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as Moshe Bellanga
as Malli Bellanga
as Eliyahu Scorpio
as Ben Baruch
as Ethrog Assessor
Critic Reviews for Ushpizin
[The film] places a captivating life study in the context of a modern fairy tale.
Very light, even saccharine at times, but blessed with enough pure charm to make the syrup go down a treat.
An unexpected delight from an unlikely source, Ushpizin is the first feature film set inside the closed community of Jerusalem's ultra-Orthodox Jews.
Ushpizin will certainly be manna to people of religious sensibility, but you need not be a believer to appreciate its humor and humanity.
Audience Reviews for Ushpizin
I couldn't seem to get into this movie, and it had very little to do with the fact that it was subtitled. It just never seemed to go anywhere. Maybe I wasn't in the right frame of mind for it, but this was far from being one of the best movies I've ever seen.
Very good; very Israeli. I would only recommend it for those who don't need constant amounts of action in their films, though. Even then, you may want to have some basic knowledge of Hasidism or at least Middle Eastern culture. Pretty entertaining and funny throughout, and, oh, such a funny but sad conclusion! Those who haven't seen it will probably never guess it, either.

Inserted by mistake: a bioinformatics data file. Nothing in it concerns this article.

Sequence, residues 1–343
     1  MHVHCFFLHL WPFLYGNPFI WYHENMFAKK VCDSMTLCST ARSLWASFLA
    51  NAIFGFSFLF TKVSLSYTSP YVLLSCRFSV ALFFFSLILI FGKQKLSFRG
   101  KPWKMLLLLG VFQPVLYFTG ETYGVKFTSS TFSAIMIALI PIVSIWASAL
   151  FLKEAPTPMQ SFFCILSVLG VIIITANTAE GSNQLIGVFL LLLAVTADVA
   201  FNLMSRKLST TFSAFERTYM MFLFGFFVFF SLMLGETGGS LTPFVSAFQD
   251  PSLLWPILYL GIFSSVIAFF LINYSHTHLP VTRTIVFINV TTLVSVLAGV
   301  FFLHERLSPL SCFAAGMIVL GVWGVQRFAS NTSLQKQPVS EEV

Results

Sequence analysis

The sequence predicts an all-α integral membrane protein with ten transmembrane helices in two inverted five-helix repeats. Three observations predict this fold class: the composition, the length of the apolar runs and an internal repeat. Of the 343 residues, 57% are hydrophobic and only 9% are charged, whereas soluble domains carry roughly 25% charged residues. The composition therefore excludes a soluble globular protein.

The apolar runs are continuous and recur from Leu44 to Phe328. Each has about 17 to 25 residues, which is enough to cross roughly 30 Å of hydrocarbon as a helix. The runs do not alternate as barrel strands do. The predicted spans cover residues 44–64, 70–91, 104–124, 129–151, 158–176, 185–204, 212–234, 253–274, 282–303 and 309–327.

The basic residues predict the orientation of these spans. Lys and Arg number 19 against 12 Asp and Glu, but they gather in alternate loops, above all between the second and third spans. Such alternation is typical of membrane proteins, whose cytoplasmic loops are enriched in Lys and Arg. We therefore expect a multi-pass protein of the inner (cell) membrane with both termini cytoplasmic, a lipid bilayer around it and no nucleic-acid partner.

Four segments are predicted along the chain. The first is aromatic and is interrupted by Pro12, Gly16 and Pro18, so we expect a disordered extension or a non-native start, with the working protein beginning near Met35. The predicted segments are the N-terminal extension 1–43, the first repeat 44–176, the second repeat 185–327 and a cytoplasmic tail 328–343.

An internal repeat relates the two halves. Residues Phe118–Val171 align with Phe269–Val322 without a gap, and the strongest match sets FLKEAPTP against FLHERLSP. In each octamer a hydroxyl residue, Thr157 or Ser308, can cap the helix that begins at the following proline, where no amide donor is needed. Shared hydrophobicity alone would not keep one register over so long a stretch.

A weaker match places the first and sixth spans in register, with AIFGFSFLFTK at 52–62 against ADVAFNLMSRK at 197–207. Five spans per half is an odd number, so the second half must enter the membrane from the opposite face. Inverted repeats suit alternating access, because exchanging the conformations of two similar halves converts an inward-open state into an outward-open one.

This is a beautiful film, with wonderfully nuanced characters, that offers an interesting look into the life and faith of an Orthodox couple. The acting is incredible and the love between Moshe and Mali is heart-wrenchingly real, helped by the fact that Shuli Rand and Michal Bat-Sheva Rand are actually married. The story isn’t what I would call “riveting” but the film isn’t negatively affected by the simplicity of the story, in fact it is the simplicity that lets the viewer understand the characters in such an intimate way. Ushpizin is well worth watching to get a glimpse into the life that the non-Orthodox are rarely privy to and to see some really fantastic acting.
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